The Origin of New York Legislative Service, Inc.

New York Legislative Service, Inc. was founded by Elizabeth McKinney Scott (1898 - 1976) in 1932 with the goal of making the legislative process more accessible. She guided the Service for 44 years until the time of her death.

This organization is a not-for-profit, non-partisan, membership corporation, providing reports, research, and publications on New York State and New York City legislative activity. It is the only source for complete legislative histories.

New York Legislative Service, Inc., is the only research group exclusively devoted to New York State and New York City law and legislation. In this "information age", there are many on-line databases which let you do the work (and oft times a lot of guessing), but to find live researchers who specialize in legislative history and current legislation is rather astonishing. Finding an information provider which is not a profit-making business, nor subsidized by tax money is even more astonishing. You could spend hours on the phone and days searching and still not get half the information that NY Legislative Service can provide. So how did this organization come about?

Back in the 1930's there was a grass-roots movement which sought to involve the common man in the governmental process, which involved loosely tied groups of like-minded people and organizations. An early member of the Board of Directors, Julius Manson, said "I guess you could call them do-gooders; they were fine people."

Elizabeth McKinney Scott, the founder of New York Legislative Service, is remembered as a very dynamic woman, who believed that the citizenry should be more knowledgeable and concerned with what their legislators were doing in Albany. She used her own money along with modest membership fees to support the Service and relied upon the support of friends and volunteers to help run the organization.

From it's founding, the Legislative Service had alliances with many organizations such as the Citizens Union, the Rand School of Social Sciences, Central Trades and Labor Council, The League for Industrial Democracy, the Women's Trade Union League, and various Labor Unions. With the rise and decline of Union power, the establishment of professional lobbyists, and broader communications, the nature of New York Legislative Service has changed as well. 25 years ago the offices contained a mere two electric typewriters, whereas today the office is 4 times larger and filled with computers, copiers, cable modems and all the other essential equipment. Yet just as important is it's library of rare documents, which includes a huge collection of Legislative Histories, rare Legislative Documents and all Chapter Laws going back to 1777!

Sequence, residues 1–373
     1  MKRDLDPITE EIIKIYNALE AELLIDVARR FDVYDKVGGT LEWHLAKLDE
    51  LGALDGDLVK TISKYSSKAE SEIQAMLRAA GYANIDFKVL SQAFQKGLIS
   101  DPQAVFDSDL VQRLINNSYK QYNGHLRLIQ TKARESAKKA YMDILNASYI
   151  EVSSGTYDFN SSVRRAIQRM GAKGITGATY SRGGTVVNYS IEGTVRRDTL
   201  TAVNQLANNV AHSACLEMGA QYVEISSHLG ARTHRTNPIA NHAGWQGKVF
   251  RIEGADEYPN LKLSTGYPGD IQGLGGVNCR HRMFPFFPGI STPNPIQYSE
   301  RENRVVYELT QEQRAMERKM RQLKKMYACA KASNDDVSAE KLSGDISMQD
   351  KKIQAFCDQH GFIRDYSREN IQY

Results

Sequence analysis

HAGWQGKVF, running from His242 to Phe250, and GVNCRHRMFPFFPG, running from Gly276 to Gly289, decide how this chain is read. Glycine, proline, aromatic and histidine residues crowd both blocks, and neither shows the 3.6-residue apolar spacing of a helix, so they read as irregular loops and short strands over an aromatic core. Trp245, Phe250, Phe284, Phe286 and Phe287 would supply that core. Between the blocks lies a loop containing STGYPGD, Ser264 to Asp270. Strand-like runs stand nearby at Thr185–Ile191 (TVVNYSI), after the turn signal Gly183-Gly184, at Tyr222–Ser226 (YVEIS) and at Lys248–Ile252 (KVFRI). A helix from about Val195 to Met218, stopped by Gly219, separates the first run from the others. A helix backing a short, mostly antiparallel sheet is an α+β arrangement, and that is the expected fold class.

In 1946, NY Legislative Service began publishing the New York State Legislative Annual, a research/reference book which contains the sponsor's explanatory memo for each new law enacted in the most recent year. The Legislative Annual is still being published 55 years later and the entire set can be found in many public and private libraries in New York and in law libraries all over the country. It is still the only book published on legislative intent for New York State law.

More recently, a similar book on New York City Local Laws has been published annually, the New York City Legislative Annual. It not only contains the Committee Report for each new Local Law, but also the actual text of the Law. Because it is the only reference book published on Local Laws, it has become very popular with libraries and government offices.

For decades the Service has been publishing the New York State Report, and the New York City Report. Each semi-monthly report is filled with news and information on the "hot topics" pending and passed in the State Legislature and City Council respectively. The State Report also gives a one line synopsis of every bill introduced in the Senate and Assembly. These synopses are categorized by topic, allowing people with specific interests to ignore all other bills. In 1999 publication of City Regs Newsletter began. It is a reporting via fax or email (text of pdf file) of new and proposed changes to the Rules of the City of New York.

While the largest law firms in the country have utilized New York Legislative Service for years, the Service is not nearly as well known as they should be, largely due to a limited budget for advertising, according to Laird Ehlert, the Executive Director. "We like to spend our discretionary income by building up the organizations collections and equipment. But we do get excellent word of mouth, which, I think is the best form of advertising!"